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Learning a language is about understanding what words mean, grammar, spelling and pronunciation. But there is more to it than that. This year, as part of the Macmillan Life Skills series, Macmillan Dictionary is focussing on an area of language learning that students of English may find difficult to master: pragmatics.
Third in a series of lesson plans, written by author Jonathan Marks, to help learners with pragmatics. This lesson plan includes detailed teacher's notes with answer key and student worksheets.
Overview: In this lesson, learners review and consolidate ways of apologizing and accepting apologies.
Total time for activities: 35–40 minutes
Level: upper intermediate to advanced
You can download the pdf of this month's lesson plan here.
Monthly lesson plans helping students with useful language.
Lesson plan 1: This lesson helps learners to develop their awareness and understanding of expressions meaning 'I don't know' and practise using these expressions.
Lesson plan 2
Lesson plan 2: This lesson helps learners review, consolidate and practise ways of making and reporting suggestions.
Lesson plan 3
Lesson plan 3: This lesson helps learners review and consolidate ways of apologizing and accepting apologies.
Regular blog posts presenting useful expressions:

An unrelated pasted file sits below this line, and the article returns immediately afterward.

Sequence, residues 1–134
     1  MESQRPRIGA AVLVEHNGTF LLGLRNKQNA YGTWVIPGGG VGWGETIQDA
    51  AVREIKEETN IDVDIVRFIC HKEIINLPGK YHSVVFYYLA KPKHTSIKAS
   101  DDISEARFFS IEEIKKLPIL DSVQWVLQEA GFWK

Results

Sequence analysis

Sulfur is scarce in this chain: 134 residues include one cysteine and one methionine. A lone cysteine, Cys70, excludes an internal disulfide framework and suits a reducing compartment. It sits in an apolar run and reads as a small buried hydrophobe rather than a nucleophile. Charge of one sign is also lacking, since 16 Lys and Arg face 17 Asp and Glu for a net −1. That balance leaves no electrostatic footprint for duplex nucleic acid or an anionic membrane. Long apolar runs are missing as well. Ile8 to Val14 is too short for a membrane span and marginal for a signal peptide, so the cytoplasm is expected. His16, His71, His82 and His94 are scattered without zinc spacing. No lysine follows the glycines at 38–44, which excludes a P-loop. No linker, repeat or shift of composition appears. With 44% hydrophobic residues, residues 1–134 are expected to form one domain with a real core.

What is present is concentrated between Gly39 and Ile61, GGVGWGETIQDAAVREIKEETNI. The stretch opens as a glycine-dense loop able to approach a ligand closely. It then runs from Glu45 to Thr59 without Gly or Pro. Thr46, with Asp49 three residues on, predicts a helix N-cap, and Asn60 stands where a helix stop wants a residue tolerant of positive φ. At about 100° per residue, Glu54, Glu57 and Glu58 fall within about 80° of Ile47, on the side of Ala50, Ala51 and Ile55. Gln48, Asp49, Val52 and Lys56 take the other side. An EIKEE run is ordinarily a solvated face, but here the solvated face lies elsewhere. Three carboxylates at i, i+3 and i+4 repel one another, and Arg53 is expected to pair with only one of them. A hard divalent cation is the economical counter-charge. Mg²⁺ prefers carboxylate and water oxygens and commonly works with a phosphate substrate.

To use the Macmillan Dictionary definition, pragmatics is "the study of how language is used in particular situations to express a meaning or attitude that may not be obvious from the actual words".
Learning how to express yourself and convey a message successfully is an important life skill. It's a skill that we all need to master in order to be successful academically and professionally.
Throughout 2014 Macmillan Dictionary will be providing a series of resources in the form of lesson plans and blog posts where we'll be delving deeper to get answers to questions such as:
To tackle these and other questions, we'll be publishing a free pragmatics lesson plan on this page each month. You can also follow us on Macmillan Dictionary Blog where we'll be publishing regular posts on this subject written by our core team of authors as well as guest authors.
To find out more about pragmatics, read Michael Rundell's first post on the blog: Learning about pragmatics: a useful life skill.
For more free resources and information about Life Skills, visit the dedicated Macmillan Education Life Skills page.
To find out what other types of resources are available on Macmillan Dictionary, visit our popular English language resources page.